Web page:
By Daniel S. Wheeler ,The American Legion National Adjutant

When it comes to inviting prospective members to your post, give them a reason to return.

In my 40-plus years in the workplace, I’ve learned at least two things: The right amount of meetings that are conducted correctly can lead to results, while too many meetings with too much groupthink tends to stand in the way of progress. It holds true whether you’re talking about the boardroom of a multinational corporation or the executive committee of an American Legion post of 50 members. Meetings are a necessary evil and can produce results. But they do not offer up much in the way of entertainment value.

Yet some Legionnaires, when trying to recruit new members, choose a post meeting as the potential member’s first exposure to the Legion. Imagine the situation: a 22-year-old, fresh off a tour in Iraq or Afghanistan, sitting in the background while the post membership goes over the minutes of the previous meeting. Or, the young veteran listens to a line-by-line examination of the post budget. If that young veteran is still in the audience, what do you think his chances are of returning to the post? At that age, would you?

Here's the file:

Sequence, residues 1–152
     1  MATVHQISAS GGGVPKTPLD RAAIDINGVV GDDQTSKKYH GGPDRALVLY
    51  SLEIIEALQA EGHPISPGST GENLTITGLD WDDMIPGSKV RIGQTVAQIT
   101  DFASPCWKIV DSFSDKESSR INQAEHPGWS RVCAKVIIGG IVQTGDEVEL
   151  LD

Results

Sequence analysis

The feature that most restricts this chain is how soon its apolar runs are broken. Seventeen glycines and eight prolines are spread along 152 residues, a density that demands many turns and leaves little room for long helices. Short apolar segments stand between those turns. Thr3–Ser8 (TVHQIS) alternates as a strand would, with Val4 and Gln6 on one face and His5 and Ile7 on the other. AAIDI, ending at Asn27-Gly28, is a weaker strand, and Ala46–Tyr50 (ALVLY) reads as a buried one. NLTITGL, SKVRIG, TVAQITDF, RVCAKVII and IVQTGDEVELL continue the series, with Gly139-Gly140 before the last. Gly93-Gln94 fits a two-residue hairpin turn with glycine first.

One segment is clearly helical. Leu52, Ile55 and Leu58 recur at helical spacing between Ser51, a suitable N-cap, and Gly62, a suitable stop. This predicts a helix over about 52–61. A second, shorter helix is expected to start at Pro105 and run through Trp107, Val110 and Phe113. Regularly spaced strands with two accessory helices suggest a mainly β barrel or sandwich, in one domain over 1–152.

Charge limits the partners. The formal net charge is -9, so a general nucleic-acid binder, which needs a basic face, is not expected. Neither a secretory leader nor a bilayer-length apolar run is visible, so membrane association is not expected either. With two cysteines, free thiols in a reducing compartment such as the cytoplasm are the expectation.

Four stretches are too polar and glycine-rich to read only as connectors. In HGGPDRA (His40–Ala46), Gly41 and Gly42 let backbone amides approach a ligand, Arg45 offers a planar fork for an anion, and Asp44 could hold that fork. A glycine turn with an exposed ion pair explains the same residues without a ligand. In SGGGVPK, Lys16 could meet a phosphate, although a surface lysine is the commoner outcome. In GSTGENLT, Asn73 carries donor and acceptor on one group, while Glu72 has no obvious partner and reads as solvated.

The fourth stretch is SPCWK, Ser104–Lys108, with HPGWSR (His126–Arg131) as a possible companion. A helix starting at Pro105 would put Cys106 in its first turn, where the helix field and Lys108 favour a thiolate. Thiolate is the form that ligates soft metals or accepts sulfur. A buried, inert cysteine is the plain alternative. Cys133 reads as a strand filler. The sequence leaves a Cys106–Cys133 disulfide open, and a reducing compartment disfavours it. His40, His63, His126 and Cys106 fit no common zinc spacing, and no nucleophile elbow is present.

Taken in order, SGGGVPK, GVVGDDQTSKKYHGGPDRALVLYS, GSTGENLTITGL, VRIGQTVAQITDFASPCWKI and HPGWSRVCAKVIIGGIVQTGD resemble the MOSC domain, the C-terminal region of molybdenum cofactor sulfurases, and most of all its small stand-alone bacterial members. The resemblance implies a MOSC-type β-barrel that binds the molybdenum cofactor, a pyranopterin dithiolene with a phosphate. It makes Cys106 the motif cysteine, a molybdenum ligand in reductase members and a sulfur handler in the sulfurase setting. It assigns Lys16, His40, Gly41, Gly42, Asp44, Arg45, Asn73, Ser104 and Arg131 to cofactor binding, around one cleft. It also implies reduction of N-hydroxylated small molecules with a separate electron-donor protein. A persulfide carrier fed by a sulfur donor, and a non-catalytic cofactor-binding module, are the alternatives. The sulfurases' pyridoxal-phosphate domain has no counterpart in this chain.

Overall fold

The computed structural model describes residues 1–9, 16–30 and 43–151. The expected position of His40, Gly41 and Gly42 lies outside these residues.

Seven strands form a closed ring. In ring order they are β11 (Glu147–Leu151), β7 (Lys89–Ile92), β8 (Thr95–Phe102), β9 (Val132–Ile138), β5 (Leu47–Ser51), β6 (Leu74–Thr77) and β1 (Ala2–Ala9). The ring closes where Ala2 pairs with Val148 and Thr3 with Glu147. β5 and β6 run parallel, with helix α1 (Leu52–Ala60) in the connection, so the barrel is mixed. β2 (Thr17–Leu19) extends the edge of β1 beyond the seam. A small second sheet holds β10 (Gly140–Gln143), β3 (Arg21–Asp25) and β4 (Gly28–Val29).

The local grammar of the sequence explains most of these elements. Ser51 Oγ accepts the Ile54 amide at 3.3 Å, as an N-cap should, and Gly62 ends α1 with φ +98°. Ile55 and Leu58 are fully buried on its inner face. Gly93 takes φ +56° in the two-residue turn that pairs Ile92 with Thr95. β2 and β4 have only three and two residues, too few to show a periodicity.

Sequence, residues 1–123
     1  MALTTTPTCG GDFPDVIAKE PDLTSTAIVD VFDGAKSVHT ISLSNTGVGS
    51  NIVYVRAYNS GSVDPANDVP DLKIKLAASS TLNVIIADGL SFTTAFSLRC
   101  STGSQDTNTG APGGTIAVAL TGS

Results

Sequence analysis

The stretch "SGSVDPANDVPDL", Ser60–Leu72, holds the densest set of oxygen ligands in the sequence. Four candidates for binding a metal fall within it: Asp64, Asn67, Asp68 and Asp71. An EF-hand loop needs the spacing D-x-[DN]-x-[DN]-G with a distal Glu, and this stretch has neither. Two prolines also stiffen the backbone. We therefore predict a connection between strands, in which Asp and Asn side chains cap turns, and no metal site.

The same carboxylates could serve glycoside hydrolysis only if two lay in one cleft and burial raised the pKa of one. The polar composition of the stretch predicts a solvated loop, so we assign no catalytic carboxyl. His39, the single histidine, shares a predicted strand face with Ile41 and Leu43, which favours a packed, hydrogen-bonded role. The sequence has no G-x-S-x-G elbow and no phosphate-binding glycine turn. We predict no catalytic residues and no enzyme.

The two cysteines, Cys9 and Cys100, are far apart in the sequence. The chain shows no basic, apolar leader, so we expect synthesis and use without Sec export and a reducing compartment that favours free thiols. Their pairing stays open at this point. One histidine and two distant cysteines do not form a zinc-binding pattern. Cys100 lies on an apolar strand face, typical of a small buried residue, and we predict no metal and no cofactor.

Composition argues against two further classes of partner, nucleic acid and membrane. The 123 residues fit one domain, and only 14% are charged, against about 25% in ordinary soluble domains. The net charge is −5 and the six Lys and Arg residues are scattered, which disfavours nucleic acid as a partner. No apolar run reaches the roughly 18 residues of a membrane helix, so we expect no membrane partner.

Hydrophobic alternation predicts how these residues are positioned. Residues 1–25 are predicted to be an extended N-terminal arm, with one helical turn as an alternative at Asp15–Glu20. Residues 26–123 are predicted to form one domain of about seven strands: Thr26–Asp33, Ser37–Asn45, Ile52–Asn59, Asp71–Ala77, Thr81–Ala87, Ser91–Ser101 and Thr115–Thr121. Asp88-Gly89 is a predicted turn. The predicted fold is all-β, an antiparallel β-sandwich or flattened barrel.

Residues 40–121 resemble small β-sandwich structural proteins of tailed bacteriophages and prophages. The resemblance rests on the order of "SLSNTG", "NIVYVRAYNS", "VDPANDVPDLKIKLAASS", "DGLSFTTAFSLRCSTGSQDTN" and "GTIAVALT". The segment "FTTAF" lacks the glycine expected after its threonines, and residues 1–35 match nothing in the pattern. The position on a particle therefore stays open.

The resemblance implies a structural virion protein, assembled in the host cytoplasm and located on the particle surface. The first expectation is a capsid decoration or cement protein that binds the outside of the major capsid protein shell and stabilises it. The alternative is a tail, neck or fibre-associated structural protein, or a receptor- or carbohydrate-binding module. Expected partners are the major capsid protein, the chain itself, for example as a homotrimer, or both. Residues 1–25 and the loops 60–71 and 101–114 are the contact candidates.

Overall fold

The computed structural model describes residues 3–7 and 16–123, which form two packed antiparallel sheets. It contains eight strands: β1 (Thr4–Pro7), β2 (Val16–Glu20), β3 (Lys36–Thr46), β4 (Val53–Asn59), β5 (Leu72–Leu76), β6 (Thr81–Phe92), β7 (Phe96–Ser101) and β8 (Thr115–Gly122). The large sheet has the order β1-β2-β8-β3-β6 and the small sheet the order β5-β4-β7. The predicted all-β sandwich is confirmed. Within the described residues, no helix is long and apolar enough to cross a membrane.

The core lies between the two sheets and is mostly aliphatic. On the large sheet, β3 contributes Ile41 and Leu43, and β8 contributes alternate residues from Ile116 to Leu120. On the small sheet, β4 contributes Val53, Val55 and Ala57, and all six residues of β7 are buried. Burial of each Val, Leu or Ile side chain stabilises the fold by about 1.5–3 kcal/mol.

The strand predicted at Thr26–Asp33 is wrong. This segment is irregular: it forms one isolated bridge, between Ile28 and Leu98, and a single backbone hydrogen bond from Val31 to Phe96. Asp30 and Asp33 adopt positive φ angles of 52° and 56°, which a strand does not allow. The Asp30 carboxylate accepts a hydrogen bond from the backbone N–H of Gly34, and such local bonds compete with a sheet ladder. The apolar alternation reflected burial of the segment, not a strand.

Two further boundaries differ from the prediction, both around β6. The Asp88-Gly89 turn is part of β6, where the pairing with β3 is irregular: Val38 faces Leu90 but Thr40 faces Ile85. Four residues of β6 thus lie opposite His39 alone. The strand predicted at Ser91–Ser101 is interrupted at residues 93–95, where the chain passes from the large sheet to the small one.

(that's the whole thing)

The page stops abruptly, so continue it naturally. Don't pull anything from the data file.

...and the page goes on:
It’s great that you’re getting prospective members into the post, but we need to give them a reason to return. That’s why Denise Rohan, the National Membership & Post Activities Committee chairman, takes a different approach when seeking out new members. During the M&PA Workshop earlier this month, Rohan shared her strategy for bringing members into Post 333 in Sun Prairie, Wis. Rohan doesn’t fancy herself a salesperson; rather, she uses strategy instead of a smooth pitch.

“Instead of inviting them directly to a meeting, I would tell them what the Legion does, and then I would invite them to one of our events,” Rohan says. “When you get them to the event, and they see what wonderful things we do, the next step is to bring them to a meeting. Those meetings sometimes aren’t exactly the most exciting things to come to. My goal was to get people to come to an event, and then bring them into the organization. Once we got them in the door … we listened to what they were interested in and matched them up with a mentor or chairman. Then they would be active. Then they would keep coming back.”

There’s no doubting the effectiveness of Rohan’s strategy. As post commander, she had two 100-percent membership years. It seems like a simple idea, but most genius ideas are rooted in simplicity. Why tell a potential member what the Legion is doing during the course of a post meeting when you can show him or her, in person, exactly what we’re doing? What’s the easier sales pitch?

Invite these veterans, young or old, to an American Legion Baseball game. Having a Christmas party for local children? Invite those veterans to come in and observe – or maybe even help out with the party. If your post has a Legion Riders chapter raising funds for The American Legion Legacy Scholarship Fund, introduce some of the Riders to the potential members.

People want to belong to an organization that does some good. We do a lot. Show that fact off, and others will join.